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An Outside the Axis Solution to An Age-Old Problem

The expanding array of options for surgical correction of presbyopia is certainly to the great benefit of patients, according to Karl G. Stonecipher, MD, clinical associate professor of ophthalmology, University of North Carolina, Chapel Hill, and director of refractive surgery, TLC in Greensboro, N.C.

A device currently in the late stage of US clinical trials (ClinicalTrials.gov Identifier: NCT02374671), the VisAbility Micro-Insert System (Refocus Group) offers a scleral-based approach that appears to restore the patient’s natural accommodative ability. The system consists of four micro-inserts obliquely placed in lamellar, scleral tunnels, 4 mm outside the corneal limbus (Figure). The placement of these micro-inserts restores tension to the zonules, thereby facilitating the ability of the eye to focus on near objects again.

image courtesy of Refocus Group

FIGURE. The placement of these micro-inserts restores tension to the zonules.

“If approved for use in the United States, this system would be the only binocular accommodating restorative procedure that maintains depth of field and depth of focus, features that are not possible with monovision techniques,” Stonecipher says, adding that the system has obtained a CE Mark.

Because the micro-inserts are placed in both eyes, depth of focus and depth of field are maintained. As a result, vision quality at all distances is preserved while near visual acuity is improved. Additionally, the micro-inserts are placed outside the visual axis, thus corneal shape is unaffected and the crystalline lens remains intact. The micro-inserts will not interfere with future refractive procedures and they can be removed if needed.

The procedure is an outpatient surgery typically performed under local anesthesia, and is well within the skillset of any anterior segment surgeon, according to Stonecipher:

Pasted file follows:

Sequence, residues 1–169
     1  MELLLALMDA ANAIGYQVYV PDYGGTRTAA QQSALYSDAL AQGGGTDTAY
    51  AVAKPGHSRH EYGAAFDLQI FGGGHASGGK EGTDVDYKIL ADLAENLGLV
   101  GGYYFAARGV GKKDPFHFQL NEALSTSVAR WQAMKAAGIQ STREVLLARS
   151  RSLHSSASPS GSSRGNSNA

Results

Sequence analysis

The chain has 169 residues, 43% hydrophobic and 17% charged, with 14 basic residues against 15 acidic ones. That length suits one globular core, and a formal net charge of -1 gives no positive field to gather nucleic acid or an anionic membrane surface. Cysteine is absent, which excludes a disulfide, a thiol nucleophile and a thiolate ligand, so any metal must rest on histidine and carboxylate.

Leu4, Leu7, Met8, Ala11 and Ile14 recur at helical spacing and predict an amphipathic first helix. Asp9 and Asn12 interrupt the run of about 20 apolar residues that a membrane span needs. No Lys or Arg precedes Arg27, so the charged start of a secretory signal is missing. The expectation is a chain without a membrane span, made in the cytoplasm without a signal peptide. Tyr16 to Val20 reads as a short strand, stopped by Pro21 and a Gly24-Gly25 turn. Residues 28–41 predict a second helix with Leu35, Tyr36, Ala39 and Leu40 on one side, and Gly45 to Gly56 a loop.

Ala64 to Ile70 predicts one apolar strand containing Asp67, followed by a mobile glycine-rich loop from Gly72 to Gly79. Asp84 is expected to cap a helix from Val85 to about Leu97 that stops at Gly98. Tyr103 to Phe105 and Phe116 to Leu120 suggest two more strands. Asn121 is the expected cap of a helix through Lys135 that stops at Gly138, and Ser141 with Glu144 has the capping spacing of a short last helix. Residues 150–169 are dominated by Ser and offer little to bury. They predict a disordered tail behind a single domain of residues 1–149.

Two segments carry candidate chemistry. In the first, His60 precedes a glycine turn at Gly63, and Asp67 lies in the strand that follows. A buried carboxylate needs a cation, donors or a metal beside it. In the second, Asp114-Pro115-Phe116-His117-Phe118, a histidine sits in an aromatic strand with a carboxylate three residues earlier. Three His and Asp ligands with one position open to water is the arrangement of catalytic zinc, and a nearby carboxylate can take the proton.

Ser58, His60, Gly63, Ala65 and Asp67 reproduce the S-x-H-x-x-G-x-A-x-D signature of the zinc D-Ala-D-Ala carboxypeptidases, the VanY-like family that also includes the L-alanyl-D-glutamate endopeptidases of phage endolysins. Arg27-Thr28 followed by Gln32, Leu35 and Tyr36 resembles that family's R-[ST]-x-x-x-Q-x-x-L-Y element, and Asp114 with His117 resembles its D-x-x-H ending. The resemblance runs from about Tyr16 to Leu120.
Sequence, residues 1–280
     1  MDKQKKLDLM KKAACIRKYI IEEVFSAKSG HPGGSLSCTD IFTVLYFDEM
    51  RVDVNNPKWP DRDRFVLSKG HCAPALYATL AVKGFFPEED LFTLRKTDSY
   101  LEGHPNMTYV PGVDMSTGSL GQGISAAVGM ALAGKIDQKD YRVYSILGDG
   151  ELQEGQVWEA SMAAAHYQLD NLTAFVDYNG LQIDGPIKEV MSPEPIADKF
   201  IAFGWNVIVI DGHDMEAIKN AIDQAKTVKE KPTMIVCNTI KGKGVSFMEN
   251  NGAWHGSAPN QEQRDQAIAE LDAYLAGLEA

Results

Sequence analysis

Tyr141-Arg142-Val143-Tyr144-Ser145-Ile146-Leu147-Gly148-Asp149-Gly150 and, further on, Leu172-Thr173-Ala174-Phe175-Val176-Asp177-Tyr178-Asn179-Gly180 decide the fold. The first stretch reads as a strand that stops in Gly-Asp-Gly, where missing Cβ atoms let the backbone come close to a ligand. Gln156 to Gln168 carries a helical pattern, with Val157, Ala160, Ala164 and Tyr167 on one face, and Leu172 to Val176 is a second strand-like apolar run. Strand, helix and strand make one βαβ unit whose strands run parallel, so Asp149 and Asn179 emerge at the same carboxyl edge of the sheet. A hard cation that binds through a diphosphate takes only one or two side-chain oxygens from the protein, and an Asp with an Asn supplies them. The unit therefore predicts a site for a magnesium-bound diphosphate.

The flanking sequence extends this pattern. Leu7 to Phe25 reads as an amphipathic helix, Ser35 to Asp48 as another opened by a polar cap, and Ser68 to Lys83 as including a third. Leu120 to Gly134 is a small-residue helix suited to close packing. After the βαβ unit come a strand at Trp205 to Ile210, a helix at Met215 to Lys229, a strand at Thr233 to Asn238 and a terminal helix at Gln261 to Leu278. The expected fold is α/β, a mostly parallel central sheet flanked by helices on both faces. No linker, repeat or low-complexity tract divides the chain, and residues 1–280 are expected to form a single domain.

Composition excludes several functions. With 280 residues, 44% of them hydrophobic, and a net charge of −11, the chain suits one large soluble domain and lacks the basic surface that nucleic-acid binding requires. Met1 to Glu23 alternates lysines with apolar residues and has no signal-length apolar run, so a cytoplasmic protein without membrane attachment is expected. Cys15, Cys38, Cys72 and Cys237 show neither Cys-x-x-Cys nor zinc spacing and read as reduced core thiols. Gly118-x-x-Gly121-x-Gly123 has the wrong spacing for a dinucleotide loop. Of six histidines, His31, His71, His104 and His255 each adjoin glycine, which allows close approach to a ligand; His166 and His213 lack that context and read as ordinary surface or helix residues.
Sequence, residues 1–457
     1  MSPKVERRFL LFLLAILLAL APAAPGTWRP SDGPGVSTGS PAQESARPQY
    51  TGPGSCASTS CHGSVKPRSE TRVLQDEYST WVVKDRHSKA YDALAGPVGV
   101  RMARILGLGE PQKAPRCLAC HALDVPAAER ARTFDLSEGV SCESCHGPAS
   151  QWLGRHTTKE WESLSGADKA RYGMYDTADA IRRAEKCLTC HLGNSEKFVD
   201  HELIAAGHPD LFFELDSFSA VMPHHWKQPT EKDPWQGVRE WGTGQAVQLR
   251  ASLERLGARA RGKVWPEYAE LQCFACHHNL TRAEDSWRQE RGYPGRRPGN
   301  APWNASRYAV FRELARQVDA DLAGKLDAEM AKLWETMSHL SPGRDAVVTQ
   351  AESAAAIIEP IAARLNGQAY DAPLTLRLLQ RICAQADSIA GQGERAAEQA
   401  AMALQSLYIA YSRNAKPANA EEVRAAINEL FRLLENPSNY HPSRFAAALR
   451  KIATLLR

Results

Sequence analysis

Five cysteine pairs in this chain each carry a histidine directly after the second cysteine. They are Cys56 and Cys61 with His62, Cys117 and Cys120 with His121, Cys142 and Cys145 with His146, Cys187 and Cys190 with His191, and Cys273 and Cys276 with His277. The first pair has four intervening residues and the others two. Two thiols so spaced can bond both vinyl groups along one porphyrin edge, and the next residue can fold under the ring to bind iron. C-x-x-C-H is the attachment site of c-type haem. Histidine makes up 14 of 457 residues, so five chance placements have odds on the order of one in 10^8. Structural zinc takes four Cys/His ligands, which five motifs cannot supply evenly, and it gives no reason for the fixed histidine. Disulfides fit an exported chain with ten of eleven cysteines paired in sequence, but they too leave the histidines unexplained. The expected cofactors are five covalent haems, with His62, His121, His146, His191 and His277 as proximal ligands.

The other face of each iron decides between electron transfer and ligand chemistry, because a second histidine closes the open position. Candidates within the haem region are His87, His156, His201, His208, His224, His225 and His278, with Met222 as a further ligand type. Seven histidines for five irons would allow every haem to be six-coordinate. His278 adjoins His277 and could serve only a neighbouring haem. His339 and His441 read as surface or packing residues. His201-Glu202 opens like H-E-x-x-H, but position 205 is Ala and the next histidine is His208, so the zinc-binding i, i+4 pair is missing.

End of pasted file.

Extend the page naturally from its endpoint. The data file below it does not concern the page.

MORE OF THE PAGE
• The superior and inferior rectus muscles are marked at the 6-o’clock and 12-o’clock positions, separating the eye into four quadrants
  • A 360° peritomy is performed
  • A docking station is affixed to the sclera which mates with a scleratome
  • Four scleral tunnels are created and the micro-inserts are introduced using a shuttle system
  • The conjunctiva is reapproximated; fibrin glue is utilized to maintain hemostasis

This system has generated impressive results in clinical trials in Europe and in studies based in the United States, according to Stonecipher. In a previous multicenter clinical trial of 360 patients, 97% of those who had the bilateral procedure achieved distance corrected near visual acuity at 40 cm of 20/40 (equivalent to J3) or better at 36 months, which was up slightly compared to the 95% noted at 24-months.1 An earlier sample of consecutive cases from two sites in the current US clinical trial (a total of 40 eyes of 20 subjects) visual results showed, 100% of the eyes had uncorrected near visual acuity of 20/40 (J3) or better; 95% were 20/32 (J2) or better and 90% achieved 20/25 (J1) or better with no change to their distance vision at 12 months.

“If it is approved, the system has great potential to revolutionize presbyopia management, offering the potential to restore accommodation in our presbyopic patients while maintaining depth of field and depth of focus without interfering with the visual axis,” Stonecipher says.

1. Katz J. Persistent improvement in near visual acuity 3 years following surgery in the VisAbility multicenter clinical trial. Presented at the American Academy of Ophthalmology. October 15-18, 2016; Chicago.

Dr. Stonecipher reports no relevant financial disclosures.